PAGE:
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Stevens-Johnson Syndrome (SJS) is a rare-but-severe condition in which a person’s skin and mucous membranes have a severe reaction, usually to a medication or infection. Before evidence of the disorder appears on the skin or in the mucous membranes, the affected person often has flu-like symptoms including a sore throat and cough.

According to the Mayo Clinic, symptoms of SJS can include:

    • Facial swelling

    • Tongue swelling

    • Hives

    • Skin pain

    • A red or purple skin rash that spreads within hours to days

    • Blisters on your skin and mucous membranes, especially in your mouth, nose and eyes

    • Shedding (sloughing) of your skin

The anti-convulsant medication Dilantin (phenytoin sodium) has been linked to SJS. Dilantin is approved by the Food and Drug Administration (FDA) for the prevention of temporal-lobe and grand mal seizures. Patients also often are prescribed Dilantin after brain or spinal surgery to help prevent post-surgical seizures. In addition to skin disorders, Dilantin side effects have been known to affect the nervous, immune, gastrointestinal, hemopoietic and connective tissue systems.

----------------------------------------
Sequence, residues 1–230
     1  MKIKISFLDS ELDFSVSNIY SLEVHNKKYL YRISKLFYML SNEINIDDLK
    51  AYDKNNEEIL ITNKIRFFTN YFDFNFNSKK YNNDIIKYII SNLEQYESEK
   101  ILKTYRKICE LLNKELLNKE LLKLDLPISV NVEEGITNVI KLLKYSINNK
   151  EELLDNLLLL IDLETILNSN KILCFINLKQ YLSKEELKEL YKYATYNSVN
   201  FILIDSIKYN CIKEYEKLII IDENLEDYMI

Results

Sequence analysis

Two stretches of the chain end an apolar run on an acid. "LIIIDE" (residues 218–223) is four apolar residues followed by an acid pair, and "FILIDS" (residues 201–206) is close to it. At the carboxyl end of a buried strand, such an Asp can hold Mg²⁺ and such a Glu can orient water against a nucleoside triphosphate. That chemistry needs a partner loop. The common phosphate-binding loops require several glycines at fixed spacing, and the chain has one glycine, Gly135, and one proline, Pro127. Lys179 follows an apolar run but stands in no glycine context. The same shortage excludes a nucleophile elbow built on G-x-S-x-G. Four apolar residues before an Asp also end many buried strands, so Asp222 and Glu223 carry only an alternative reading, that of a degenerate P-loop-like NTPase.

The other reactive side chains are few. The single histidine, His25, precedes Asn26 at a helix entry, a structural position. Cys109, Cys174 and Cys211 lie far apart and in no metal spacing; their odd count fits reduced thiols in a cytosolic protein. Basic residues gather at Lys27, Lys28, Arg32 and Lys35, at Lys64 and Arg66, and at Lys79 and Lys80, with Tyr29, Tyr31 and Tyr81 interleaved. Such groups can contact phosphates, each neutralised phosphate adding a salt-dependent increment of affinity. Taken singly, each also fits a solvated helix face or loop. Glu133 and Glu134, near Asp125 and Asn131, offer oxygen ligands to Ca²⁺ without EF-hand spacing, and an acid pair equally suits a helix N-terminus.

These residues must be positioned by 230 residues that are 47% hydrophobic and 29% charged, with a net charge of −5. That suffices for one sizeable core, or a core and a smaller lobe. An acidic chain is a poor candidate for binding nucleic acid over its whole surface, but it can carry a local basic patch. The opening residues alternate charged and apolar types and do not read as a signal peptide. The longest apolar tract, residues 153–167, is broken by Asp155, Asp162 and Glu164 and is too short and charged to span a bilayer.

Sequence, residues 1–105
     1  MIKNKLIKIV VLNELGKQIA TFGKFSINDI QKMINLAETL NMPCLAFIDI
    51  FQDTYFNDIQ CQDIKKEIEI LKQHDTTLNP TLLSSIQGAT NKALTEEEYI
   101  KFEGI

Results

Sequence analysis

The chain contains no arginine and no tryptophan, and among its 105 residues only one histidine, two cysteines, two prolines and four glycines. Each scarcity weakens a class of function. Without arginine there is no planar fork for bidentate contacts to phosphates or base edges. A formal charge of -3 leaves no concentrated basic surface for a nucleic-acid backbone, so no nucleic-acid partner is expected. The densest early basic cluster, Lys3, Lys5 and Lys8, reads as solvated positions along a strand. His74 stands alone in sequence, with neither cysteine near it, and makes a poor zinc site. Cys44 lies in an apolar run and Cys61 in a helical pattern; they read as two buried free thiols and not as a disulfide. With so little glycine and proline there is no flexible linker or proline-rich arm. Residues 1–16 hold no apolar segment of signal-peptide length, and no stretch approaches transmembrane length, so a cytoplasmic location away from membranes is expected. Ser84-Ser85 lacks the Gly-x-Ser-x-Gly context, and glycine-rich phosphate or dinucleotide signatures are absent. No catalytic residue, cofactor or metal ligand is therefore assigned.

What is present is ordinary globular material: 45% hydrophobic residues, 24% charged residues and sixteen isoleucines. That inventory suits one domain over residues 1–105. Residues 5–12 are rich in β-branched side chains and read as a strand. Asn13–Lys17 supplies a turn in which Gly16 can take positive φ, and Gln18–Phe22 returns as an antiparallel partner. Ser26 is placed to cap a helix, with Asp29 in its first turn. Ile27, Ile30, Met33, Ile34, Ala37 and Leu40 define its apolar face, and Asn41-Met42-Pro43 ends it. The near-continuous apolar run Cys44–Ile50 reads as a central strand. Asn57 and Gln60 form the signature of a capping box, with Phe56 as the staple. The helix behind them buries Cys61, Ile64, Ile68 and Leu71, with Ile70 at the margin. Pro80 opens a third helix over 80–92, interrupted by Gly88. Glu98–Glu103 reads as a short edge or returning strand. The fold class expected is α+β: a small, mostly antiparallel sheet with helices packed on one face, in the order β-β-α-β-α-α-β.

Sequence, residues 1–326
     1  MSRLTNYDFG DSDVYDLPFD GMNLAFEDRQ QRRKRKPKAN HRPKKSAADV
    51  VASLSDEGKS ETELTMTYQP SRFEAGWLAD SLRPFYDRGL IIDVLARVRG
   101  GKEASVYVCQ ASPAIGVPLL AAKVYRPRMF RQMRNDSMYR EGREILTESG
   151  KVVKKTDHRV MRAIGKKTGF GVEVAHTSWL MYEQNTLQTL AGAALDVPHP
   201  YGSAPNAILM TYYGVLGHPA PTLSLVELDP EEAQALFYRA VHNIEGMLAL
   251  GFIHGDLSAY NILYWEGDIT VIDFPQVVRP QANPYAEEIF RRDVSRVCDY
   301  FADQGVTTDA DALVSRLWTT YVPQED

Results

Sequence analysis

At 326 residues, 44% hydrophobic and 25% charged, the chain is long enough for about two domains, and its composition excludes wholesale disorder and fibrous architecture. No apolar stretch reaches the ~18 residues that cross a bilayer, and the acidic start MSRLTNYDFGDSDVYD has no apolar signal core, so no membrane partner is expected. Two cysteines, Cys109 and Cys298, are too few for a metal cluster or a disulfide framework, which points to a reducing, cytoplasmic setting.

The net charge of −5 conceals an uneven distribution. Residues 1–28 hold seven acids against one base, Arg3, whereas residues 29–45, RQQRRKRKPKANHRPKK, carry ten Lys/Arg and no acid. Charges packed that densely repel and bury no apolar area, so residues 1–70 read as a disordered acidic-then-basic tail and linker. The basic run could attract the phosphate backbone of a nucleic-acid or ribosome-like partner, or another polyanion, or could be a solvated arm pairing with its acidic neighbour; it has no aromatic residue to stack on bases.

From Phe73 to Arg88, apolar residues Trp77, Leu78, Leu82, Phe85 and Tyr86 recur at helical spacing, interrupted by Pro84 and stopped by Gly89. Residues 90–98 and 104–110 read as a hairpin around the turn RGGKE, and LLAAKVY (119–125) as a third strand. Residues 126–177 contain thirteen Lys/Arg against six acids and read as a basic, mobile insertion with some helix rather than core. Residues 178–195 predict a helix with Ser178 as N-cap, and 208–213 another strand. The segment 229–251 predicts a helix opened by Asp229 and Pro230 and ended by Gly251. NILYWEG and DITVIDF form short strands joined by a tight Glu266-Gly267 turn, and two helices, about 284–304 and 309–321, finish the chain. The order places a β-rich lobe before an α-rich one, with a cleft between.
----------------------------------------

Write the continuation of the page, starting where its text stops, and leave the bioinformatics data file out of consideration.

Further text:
Phenytoin levels can be raised or lowered when Dilantin is taken with other drugs, and Dilantin has also been shown to affect the efficacy of other drugs, including contraceptives.

If a patient is experiencing adverse effects of Dilantin or finds that the medication is not controlling seizures, it may be important to talk to a healthcare provider about possible Dilantin alternatives. Medication should never be stopped without first consulting a doctor.

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